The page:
A transfer pricing lesson from McKesson?

Volume No. 14-03

In late 2013, the Tax Court of Canada released its decision on a transfer pricing matter in the case of McKesson Canada Corporation vs. The Queen (2013 TCC 404). Under appeal was the assessment of Part I and Part XIII tax resulting from a Canada Revenue Agency (CRA) paragraph 247(2)(c) adjustment of the discount rate applied to the face value of several portfolios of McKesson Canada trade accounts receivable sold during its 2003 taxation year to a related corporation resident in Luxembourg. As a result of the Court’s decision, the discount rate that had been reduced from 2.206% by the CRA at the audit stage to 1.013% was found to have an arm’s length value of between 0.959% and 1.17%. McKesson has filed an appeal of the Tax Court decision with the Federal Court of Appeal.

While the greatest share of the Tax Court decision deals with the quantification of various components of the discount rate and the timing of assessment of withholding tax under the Canada-Luxembourg treaty, several more general but useful reminders of good practice can be taken from the decision. These lessons are the focus of this article, and are worth recalling especially at this time of year, when many companies are preparing transfer pricing documentation in advance of the popular June 30 corporate tax return filing due date.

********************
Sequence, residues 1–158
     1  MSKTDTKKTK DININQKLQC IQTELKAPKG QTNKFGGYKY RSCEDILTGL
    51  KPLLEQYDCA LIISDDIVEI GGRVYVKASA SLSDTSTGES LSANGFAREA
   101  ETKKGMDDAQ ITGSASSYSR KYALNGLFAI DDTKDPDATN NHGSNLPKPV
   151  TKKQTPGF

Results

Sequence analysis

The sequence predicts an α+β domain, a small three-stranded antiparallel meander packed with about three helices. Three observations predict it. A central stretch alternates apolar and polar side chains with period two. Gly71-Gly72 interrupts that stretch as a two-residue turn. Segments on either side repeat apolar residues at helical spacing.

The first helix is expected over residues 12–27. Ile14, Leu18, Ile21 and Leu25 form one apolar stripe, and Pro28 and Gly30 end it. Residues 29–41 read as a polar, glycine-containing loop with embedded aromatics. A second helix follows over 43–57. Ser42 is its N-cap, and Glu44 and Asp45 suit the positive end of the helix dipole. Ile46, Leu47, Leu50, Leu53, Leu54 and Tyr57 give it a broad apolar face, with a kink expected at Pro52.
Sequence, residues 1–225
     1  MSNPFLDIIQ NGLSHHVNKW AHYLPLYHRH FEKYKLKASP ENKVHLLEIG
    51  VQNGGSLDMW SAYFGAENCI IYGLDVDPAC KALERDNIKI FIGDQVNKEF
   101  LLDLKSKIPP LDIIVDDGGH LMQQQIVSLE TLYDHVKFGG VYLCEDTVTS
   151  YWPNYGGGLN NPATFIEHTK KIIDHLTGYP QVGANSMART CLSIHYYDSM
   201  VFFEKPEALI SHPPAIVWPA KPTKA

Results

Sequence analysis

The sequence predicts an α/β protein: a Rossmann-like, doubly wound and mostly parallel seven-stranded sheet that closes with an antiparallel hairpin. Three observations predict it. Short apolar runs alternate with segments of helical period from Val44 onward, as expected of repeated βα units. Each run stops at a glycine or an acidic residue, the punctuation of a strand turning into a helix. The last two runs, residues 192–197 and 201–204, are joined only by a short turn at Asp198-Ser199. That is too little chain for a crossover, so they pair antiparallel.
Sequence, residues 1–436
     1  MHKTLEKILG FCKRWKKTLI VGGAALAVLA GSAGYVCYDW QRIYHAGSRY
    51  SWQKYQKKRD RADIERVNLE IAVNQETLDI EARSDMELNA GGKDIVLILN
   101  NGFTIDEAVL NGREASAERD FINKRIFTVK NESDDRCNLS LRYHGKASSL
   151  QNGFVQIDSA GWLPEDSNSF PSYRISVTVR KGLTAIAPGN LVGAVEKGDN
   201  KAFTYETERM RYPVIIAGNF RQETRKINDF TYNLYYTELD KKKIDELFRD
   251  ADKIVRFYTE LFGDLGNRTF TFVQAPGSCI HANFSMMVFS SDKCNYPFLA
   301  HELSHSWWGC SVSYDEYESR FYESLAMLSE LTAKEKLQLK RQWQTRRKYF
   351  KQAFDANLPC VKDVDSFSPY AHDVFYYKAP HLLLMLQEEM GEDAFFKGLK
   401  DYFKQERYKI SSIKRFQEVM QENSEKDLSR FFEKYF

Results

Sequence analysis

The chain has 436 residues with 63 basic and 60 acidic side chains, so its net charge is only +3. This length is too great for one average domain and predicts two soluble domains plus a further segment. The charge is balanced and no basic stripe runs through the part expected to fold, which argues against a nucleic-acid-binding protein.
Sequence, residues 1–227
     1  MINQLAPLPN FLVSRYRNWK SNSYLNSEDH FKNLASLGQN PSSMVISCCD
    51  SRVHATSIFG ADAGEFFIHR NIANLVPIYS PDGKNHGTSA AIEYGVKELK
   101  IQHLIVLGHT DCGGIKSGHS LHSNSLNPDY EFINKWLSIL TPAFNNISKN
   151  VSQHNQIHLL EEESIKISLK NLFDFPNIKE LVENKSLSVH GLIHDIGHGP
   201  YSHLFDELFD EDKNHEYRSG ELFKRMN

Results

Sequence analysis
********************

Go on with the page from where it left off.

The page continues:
1. State and explain assumptions in documentation, support analytical steps with data and other evidence: The Tax Court was left to examine the facts of the case and conduct its own pricing analysis owing to a number of unexplained assumptions that were made in the McKesson pricing analysis. Averaging periods, risk of default, and discount rates were stated but not explained, and adjustments were made using rough ‘buffer’ factors and measurements of variability.